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CBSE NCERT NOTES CLASS 11 MATHS CHAPTER 2

Relations And Functions

Chapter Notes

Ordered Pair

Equality of Ordered Pairs

Cartesian Product

- Properties of Cartesian Product

Relation

Domain

Codomain

Range

Inverse Relation

Function

Equal Functions

Laws of logarithms

Logarithm as inverse function of exponential function

Natural logarithm (ln)

Inverse logarithm (antilog) calculation

Logarithm rules

Algebra of Real Functions

Addition of two real functions

Subtraction Real Functions

Multiplication by a scalar

Multiplication of two real functions

Quotient of two real functions

CBSE NCERT NOTES CLASS 11 MATHS CHAPTER 2

Relations And Functions

Chapter Notes

Ordered Pair

An ordered pair consists of two objects or elements in a given fixed order, e.g., (a,b).

Equality of Ordered Pairs

Two ordered pairs (a1, b1) and (a2, b2) are equal iff a1 = a2 and b1 = b2.

Cartesian Product

Given two non-empty sets P and Q, the cartesian product P × Q is the set of all ordered pairs of elements from P and Q, i.e.,

P × Q = {(p,q) : p ∈ P, q ∈ Q }

If either P or Q is the null set, then P × Q will also be empty set, i.e.,

P × Q = φ

If there are three sets P, Q, R and p ∈ P, q ∈ Q and r ∈ R, then (p, q, r) is called an ordered triplet. Then,

P × Q × R = {(p, q, r) : p ∈ P, q ∈ Q, r ∈ R }

Properties of Cartesian Product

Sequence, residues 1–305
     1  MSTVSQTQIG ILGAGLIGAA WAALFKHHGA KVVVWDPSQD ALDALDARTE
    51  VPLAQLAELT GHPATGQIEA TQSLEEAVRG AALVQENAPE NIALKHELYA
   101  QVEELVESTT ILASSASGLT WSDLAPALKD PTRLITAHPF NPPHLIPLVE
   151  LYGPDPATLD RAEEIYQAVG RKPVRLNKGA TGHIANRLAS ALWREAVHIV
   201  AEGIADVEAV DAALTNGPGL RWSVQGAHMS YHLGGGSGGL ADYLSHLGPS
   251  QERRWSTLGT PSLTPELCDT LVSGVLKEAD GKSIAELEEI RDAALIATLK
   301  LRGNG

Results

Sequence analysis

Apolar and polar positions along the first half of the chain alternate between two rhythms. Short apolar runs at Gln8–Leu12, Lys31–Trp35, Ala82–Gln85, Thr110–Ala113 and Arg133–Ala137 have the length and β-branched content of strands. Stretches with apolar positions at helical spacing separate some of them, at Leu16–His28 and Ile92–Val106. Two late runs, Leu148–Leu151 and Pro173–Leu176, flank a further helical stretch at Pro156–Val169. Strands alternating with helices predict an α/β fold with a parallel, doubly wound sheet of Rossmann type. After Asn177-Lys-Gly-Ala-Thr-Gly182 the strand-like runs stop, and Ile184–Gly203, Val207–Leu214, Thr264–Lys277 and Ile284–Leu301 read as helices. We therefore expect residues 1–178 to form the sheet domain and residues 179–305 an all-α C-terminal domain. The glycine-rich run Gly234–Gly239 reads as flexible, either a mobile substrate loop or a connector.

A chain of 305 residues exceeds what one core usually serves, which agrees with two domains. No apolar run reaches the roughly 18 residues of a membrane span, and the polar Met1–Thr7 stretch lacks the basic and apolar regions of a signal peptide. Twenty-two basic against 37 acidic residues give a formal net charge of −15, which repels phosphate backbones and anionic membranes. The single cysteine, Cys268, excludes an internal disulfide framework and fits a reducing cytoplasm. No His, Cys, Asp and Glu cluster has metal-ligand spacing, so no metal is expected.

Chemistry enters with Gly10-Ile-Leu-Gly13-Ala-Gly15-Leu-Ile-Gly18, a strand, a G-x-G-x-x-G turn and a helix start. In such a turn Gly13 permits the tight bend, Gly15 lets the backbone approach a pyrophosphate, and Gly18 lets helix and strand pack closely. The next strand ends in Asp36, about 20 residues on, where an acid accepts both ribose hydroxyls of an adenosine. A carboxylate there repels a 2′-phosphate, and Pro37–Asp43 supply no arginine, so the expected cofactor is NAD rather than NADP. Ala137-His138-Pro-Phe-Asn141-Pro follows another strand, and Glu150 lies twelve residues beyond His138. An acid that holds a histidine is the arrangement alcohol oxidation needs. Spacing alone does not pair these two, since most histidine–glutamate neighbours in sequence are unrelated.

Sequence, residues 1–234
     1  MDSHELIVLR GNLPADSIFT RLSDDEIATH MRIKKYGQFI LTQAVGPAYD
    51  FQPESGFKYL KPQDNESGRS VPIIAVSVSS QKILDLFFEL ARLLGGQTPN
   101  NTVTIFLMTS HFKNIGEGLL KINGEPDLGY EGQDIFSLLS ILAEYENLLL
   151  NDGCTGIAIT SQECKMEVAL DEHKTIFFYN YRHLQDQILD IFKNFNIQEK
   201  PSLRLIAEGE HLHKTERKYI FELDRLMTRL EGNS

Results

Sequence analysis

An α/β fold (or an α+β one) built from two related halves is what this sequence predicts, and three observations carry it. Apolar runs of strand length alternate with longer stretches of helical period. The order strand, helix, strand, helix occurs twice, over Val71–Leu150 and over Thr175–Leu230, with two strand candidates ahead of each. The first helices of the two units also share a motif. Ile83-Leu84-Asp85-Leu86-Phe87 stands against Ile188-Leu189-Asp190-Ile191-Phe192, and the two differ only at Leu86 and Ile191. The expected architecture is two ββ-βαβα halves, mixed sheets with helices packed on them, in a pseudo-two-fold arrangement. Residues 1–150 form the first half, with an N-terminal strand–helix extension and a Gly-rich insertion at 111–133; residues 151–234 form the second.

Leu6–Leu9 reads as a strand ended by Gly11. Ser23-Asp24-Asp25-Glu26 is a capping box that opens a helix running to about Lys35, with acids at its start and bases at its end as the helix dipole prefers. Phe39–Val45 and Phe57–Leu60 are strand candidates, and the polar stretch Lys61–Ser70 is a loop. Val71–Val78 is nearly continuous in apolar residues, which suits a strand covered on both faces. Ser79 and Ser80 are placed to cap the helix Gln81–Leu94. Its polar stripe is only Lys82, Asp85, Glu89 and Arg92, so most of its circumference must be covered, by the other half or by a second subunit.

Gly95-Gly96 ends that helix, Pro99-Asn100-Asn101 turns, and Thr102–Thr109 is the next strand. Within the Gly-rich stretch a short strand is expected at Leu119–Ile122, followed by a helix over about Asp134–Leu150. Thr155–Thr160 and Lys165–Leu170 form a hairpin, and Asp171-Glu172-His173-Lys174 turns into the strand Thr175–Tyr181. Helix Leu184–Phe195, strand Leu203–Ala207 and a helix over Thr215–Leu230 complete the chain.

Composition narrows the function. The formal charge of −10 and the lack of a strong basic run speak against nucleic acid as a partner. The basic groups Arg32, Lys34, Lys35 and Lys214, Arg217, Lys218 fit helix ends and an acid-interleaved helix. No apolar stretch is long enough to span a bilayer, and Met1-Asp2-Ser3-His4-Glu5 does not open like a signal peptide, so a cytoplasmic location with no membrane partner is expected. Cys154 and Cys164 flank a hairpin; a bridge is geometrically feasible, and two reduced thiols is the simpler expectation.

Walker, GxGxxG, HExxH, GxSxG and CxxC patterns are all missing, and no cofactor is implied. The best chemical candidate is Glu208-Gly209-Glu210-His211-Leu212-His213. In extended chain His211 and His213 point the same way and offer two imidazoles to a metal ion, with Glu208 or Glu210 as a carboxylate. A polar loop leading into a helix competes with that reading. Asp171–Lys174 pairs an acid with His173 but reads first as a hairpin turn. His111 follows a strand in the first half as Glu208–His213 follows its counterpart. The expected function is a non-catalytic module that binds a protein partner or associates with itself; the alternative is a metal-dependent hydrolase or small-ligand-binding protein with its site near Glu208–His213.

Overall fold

For three sets A, B and C

• n (A × B)= n(A) n(B)

• A × B = Φ, if either A or B is Φ.

• A × (B ∪ C)= (A × B) ∪ (A × C)

• A × (B ∩ C) = (A × B) ∩ (A × C)

• A × (B - C)= (A × B) -(A × C)

• (A × B) ∩ (C × D)= (A ∩ C) × (B ∩ D)

• If A ⊆ B and C ⊆ D, then (A × C) ⊂ (B × D)

• If A ⊆ B, then A × A ⊆ (A × B) ∩ (B × A)

• A × B = B × A ⇔ A = B

• If either A or B is an infinite set, then A × B is an infinite set.

• A × (B’ ∪ C’)’ = (A × B) ∩ (A × C)

• A × (B’ ∩ C’)’ = (A × B) ∪ (A × C)

• If A and B be any two non-empty sets having n elements in common, then A × B and B × A have n2 elements in common.

• If A ≠ B, then A × B ≠ B × A

• If A = B, then A × B= B × A

• If A ⊆ B, then A × C ⊆ B × C

Relation

A relation R from a non-empty set A to a non-empty set B is a subset of the cartesian product A × B. The subset is derived by describing a relationship between the first element and the second element of the ordered pairs in A × B.

If R ⊆ A × B and (a, b) ∈ R, then we say that a is related to b by the relation R, written as aRb.